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Dialogue Among Civilizations

Special Messages

Events of 11 September 2001 in New York and Washington

Aterrorist attack of unprecedented scale and cruelty has shaken the world. In the immediate aftermath of the assaults on the World Trade Centre in New York and the Pentagon in Washington, the image of an unavoidable "Clash of Civilizations" has been invoked by some. Incidents have been reported where members of particular ethnic or religious groups going about their daily lives - shop owners, passers-by - were randomly accused of being responsible for the devastation in New York and Washington, sometimes threatened with violence, simply because of their race or religion.

The world stands united in its demand that those responsible for the atrocious acts committed on 11 September 2001 have to be found and brought to justice as quickly as possible. However, for the sake of our own future, we may not allow ourselves to be carried away by our shock, grief and rage in view of the recent terrorist action and declare all who believe in a particular religion our common enemy. Just as there co-exist many ways of thinking and many different value systems within what some call the "Western World", the same is true for those who believe in Islam, in any other religion, or in none at all.

We have to realize that the world will fall into a permanent state of suspicion, fear, perhaps even war, should we not succeed in making a distinction between fanatics with a total disregard for life who pose a threat to all of humankind - irrespective of religion, culture or ethnicity - and those who simply have different ways of organizing their lives, or different cultural preferences, but share the basic goals and aspirations of all mankind: to live a life in peace, love and joy.

The need for a Dialogue among Civilizations is now greater than ever. Those who have dared to look beyond what seems different in members of other ethnic, religious, cultural or social groups and have discovered that there is so much that we all have in common will no longer easily pass sentence on a person simply because that person looks, talks, prays differently. This is what the Dialogue among Civilizations is about. It will take time and effort, and certainly will not in the short term be able to prevent atrocious acts as the ones just witnessed. In the long run, however, dialogue might do just that: by uniting those who strive for a common future, and thereby effectively isolating those who want to generate irreconcilable rifts between the peoples of the world.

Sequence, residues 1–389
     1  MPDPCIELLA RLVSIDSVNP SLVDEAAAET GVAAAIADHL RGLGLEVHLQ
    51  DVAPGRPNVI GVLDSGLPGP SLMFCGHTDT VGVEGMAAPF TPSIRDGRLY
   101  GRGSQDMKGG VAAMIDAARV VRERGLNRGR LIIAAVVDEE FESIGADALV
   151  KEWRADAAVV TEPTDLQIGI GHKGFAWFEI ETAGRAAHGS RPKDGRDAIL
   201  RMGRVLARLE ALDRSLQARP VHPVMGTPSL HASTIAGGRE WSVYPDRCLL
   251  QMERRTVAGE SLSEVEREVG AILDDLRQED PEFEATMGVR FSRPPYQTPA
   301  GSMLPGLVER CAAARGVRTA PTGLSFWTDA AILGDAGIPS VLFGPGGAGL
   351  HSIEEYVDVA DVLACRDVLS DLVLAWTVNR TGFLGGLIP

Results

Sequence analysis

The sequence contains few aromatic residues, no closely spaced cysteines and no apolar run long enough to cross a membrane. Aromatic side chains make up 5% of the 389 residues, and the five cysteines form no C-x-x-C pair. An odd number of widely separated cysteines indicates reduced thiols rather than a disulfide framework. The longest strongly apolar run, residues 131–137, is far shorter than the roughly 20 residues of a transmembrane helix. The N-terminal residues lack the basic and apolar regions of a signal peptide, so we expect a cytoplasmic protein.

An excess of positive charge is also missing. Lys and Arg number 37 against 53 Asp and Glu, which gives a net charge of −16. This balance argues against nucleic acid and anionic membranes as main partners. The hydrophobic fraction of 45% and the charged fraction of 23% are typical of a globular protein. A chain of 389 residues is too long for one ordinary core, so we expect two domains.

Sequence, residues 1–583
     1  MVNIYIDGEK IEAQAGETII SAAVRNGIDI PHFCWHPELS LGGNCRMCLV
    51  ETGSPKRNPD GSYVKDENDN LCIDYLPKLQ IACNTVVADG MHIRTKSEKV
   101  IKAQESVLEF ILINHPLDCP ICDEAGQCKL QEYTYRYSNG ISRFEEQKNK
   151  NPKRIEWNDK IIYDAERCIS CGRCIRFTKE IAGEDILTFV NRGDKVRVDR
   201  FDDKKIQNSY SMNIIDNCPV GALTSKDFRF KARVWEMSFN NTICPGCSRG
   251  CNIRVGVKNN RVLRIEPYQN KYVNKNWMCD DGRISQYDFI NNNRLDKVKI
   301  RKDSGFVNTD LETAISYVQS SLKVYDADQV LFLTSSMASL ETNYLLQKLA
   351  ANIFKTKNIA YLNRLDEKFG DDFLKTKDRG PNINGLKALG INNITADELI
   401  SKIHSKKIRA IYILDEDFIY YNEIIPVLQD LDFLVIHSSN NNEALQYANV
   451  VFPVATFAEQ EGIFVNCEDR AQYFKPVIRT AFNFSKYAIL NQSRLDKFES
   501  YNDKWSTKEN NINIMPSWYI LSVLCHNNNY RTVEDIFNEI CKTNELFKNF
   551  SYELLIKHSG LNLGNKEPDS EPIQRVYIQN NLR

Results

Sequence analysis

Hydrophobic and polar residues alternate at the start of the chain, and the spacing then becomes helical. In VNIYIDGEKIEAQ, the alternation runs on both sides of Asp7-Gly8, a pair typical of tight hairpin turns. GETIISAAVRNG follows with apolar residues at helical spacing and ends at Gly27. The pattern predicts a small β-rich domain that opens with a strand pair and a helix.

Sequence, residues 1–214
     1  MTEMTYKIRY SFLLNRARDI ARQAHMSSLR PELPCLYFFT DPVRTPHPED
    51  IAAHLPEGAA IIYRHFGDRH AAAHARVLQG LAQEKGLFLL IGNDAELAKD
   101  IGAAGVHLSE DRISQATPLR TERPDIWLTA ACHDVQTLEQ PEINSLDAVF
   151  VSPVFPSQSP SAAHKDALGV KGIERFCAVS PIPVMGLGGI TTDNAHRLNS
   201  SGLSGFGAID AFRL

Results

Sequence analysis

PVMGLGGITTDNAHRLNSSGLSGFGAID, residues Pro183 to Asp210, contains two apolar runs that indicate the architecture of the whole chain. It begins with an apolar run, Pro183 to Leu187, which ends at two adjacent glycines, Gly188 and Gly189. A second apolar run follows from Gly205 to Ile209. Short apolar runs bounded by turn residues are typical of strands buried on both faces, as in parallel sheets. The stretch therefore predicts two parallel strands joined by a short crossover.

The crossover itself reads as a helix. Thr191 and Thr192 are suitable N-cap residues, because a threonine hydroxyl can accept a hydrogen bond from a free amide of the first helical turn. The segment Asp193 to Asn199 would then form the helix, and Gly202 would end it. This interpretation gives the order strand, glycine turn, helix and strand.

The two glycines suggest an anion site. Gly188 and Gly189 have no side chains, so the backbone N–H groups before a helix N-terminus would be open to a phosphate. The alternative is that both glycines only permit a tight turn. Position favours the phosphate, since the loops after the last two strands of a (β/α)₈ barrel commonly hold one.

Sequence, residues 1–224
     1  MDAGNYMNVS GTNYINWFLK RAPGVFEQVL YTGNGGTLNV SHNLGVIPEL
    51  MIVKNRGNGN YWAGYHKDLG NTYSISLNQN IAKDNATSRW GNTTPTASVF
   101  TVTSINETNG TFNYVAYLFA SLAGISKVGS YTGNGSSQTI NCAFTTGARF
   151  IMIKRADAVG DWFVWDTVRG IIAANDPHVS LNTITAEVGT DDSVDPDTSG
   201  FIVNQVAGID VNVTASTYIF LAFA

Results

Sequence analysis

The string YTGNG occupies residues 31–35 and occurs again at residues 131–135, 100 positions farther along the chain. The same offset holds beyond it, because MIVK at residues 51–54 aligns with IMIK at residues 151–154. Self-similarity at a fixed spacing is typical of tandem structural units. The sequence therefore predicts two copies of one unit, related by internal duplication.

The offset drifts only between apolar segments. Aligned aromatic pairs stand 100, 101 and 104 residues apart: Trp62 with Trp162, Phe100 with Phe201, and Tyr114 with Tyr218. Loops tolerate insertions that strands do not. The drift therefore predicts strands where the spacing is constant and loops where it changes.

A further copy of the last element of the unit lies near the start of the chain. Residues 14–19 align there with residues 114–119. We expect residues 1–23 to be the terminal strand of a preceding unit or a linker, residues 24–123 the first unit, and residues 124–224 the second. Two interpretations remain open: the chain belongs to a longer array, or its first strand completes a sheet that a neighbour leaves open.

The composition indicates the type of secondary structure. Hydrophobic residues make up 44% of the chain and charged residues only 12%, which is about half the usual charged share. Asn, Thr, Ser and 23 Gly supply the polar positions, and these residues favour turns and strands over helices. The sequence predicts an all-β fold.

14 September 2001
Hans VAN GINKEL, Rector of United Nations University
Birgit PONIATOWSKI, Coordinator of the UNU Project on the Dialogue of Civilizations

The Challenge to Global Leadership in Light of the Events of 11th September 2001

The terrorist attacks of September 11th, 2001 against innocent people in the United States of America have profoundly shocked the world. Moved by these tragic events, we, the participants of the United Nations University course on "Leadership for Human Security," wish to address our fellow global citizens. We sympathise with the people of the United States of America and all other nations affected by this tragedy for their catastrophic loss of life and property. We support their wish to see the perpetrators of this heinous act brought to justice. However, we would also like to appeal to world leaders to be guided by wisdom in the search for a solution that will not further endanger innocent lives.

We recognise that there are major challenges for global leadership in contemporary times. These include managing the process of globalisation and rapid technological change, promoting intercultural dialogue, understanding and co-operation and addressing issues of global inequality and injustice. We are gravely concerned that progress towards addressing these challenges may be jeopardised in the aftermath of these attacks.

We support the ongoing efforts to construct bridges of understanding amongst civilisations. It is our considered view that this crisis should strengthen and not weaken the resolve towards a dialogue amongst the peoples of the world. The fact that this act has attracted condemnation across the world is confirmation of humanity's shared desire to live together in peace, security and harmony. We should not allow global progress towards a more secure future for all humanity to be reversed.

We appeal to global leadership at all levels to address the concerns facing us today, with renewed dynamism, creativity and wisdom. In addition to taking appropriate measures to confront terrorism, we urge the continuation of humanity's march towards the goals of global citizenship, a healthy global environment, sustainable human development, and the elimination of racial, gender and religious discrimination of all kinds. In this way, we firmly believe that the needs and aspirations of the citizens of the World will be realised.

UN University Leadership Academy Course Participants
September 2001

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